Chinatown Community

Dozens of TUSM students are engaged in community-based organizations and schools in Chinatown each year.

This year, the mission of the MD Student Council is to encourage local community involvement and outreach. Students planned a mini health fair as part of Chinatown’s annual Oak Street Fair in September.  They tested cranial nerves and physical fitness using a combination of ping-pong, balloons, and creative exercises for the children attending the fair. In October, students in the Learning Communities sponsored an afternoon of carving pumpkins with children at the Chinatown Y’s afterschool program.

A number of students serve as mentors in the ESL and after-school tutoring programs at the Youth Center at the Boston Chinatown Neighborhood Center (BCNC). The Girls Value Program, also based at the BCNC, was founded by medical student Wilma Chan in 2007. Today, the program continues to be led by female Asian-American medical students, providing social and emotional support for Asian-American girls between the ages of 11 and 16 (see sidebar story). Albert Schweitzer Fellowship projects include an acapella group at the Josiah Quincy Upper School and a photography program at BCNC.

The Community Health Advocates at Tufts (CHAT) is a student group comprised of Tufts graduate students in health related fields. CHAT’s focus is on health promotion, health policy, and engaging the community at local, state, and national levels about issues of public health relating to health promotion, disease prevention and management. Recent events include free beginner Spanish classes and health advocacy training.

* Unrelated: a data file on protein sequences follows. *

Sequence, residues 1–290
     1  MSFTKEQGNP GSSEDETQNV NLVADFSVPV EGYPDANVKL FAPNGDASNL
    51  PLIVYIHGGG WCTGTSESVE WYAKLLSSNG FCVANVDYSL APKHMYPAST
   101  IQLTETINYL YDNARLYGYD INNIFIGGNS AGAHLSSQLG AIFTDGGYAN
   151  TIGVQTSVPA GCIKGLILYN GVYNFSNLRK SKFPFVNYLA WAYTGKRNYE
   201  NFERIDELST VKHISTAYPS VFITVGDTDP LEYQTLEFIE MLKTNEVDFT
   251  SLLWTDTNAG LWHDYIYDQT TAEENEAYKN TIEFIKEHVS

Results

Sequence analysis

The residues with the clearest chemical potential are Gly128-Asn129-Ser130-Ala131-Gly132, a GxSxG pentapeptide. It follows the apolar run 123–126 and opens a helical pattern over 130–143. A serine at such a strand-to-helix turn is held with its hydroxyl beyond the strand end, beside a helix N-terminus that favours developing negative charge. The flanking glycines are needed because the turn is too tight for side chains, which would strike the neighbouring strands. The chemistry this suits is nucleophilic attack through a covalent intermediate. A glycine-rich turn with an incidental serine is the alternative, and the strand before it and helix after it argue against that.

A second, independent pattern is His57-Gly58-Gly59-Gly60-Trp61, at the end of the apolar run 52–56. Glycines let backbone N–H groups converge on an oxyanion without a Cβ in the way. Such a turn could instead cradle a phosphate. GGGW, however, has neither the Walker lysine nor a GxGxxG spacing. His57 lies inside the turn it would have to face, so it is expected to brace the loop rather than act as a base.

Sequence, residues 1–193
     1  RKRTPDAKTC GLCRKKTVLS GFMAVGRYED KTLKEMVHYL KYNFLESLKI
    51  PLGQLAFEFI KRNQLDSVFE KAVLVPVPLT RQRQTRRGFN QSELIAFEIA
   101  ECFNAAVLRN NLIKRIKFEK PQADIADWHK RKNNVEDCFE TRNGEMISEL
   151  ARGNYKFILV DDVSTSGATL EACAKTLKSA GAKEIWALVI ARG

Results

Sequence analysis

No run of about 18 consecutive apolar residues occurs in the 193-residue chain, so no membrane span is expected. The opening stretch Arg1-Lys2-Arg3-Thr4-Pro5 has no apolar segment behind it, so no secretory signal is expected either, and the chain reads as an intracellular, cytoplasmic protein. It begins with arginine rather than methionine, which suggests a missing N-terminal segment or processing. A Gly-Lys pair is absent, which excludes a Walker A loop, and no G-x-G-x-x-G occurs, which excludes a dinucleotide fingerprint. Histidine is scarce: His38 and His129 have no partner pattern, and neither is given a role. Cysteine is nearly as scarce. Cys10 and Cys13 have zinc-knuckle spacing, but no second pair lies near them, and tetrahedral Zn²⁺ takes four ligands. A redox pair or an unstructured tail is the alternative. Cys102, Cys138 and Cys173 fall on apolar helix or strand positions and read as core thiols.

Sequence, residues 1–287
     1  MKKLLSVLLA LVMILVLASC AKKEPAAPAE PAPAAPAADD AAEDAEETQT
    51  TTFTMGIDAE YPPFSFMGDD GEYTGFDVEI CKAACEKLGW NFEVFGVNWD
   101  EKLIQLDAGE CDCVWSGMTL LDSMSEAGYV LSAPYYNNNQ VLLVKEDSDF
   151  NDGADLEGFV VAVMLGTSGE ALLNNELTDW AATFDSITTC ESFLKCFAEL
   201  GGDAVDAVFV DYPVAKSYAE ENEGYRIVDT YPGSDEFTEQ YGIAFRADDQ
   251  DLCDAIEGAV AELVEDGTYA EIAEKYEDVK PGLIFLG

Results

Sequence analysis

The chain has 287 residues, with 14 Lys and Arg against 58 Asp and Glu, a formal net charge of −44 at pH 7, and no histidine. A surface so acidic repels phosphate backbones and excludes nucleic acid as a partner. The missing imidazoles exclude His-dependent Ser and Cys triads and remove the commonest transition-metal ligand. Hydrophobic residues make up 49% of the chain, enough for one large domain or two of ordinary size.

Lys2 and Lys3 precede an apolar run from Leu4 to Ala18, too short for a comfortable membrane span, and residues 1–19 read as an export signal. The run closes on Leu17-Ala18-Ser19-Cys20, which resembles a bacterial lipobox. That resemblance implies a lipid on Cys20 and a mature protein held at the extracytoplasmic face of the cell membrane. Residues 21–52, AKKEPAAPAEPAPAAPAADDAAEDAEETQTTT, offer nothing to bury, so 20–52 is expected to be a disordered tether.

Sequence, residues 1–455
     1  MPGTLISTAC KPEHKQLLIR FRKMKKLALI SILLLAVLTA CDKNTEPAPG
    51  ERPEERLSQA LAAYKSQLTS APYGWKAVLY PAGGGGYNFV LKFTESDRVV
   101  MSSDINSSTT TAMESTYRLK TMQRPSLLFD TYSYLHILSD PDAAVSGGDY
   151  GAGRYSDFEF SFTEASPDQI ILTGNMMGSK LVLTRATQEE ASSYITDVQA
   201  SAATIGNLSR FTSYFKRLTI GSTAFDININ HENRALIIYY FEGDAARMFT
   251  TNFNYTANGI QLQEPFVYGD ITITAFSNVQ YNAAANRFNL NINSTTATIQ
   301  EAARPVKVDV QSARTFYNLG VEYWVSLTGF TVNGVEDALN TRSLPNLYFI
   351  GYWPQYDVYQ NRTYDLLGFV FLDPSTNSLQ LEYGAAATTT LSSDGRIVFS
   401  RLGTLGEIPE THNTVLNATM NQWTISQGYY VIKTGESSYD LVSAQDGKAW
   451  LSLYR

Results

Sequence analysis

The Sackler School Graduate Student Council is also involved in service in the Boston community. Students recently spent time at Rosie’s Place, a local shelter for poor and homeless women, staffing the evening food pantry.

Girl Power

High School mentors and their middle school mentees discuss their photo project during a session of the Girls Values Program at the Boston Chinatown Neighborhood Center, a collaboration with students at the Tufts University School of Medicine

The Girls Values Program provides social and emotional support for Asian-American girls between the ages of 11 and 16 who live in Boston.


Chinatown Community Report

To find out what Tufts is doing in Chinatown, check out the Chinatown Community Report from Tufts' Office of Community Relations.